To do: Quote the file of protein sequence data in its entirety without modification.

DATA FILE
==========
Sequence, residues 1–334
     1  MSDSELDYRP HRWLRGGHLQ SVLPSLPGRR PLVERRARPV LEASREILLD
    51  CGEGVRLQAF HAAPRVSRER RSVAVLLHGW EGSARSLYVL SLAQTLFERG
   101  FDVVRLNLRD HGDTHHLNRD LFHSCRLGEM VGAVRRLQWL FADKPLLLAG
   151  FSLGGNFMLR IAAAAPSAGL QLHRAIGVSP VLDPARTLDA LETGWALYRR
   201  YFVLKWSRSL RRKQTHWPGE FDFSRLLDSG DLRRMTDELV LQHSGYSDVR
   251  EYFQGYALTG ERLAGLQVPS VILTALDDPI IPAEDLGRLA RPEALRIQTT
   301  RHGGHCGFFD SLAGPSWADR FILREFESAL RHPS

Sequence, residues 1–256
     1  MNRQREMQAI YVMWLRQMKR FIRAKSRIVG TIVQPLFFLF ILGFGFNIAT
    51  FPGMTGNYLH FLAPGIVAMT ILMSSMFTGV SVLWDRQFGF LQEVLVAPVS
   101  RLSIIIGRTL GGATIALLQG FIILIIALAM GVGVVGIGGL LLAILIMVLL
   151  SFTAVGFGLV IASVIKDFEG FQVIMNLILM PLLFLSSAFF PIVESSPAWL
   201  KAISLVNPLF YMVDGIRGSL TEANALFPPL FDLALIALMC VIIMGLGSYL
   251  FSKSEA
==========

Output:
Sequence, residues 1–334
     1  MSDSELDYRP HRWLRGGHLQ SVLPSLPGRR PLVERRARPV LEASREILLD
    51  CGEGVRLQAF HAAPRVSRER RSVAVLLHGW EGSARSLYVL SLAQTLFERG
   101  FDVVRLNLRD HGDTHHLNRD LFHSCRLGEM VGAVRRLQWL FADKPLLLAG
   151  FSLGGNFMLR IAAAAPSAGL QLHRAIGVSP VLDPARTLDA LETGWALYRR
   201  YFVLKWSRSL RRKQTHWPGE FDFSRLLDSG DLRRMTDELV LQHSGYSDVR
   251  EYFQGYALTG ERLAGLQVPS VILTALDDPI IPAEDLGRLA RPEALRIQTT
   301  RHGGHCGFFD SLAGPSWADR FILREFESAL RHPS

Sequence, residues 1–256
     1  MNRQREMQAI YVMWLRQMKR FIRAKSRIVG TIVQPLFFLF ILGFGFNIAT
    51  FPGMTGNYLH FLAPGIVAMT ILMSSMFTGV SVLWDRQFGF LQEVLVAPVS
   101  RLSIIIGRTL GGATIALLQG FIILIIALAM GVGVVGIGGL LLAILIMVLL
   151  SFTAVGFGLV IASVIKDFEG FQVIMNLILM PLLFLSSAFF PIVESSPAWL
   201  KAISLVNPLF YMVDGIRGSL TEANALFPPL FDLALIALMC VIIMGLGSYL
   251  FSKSEA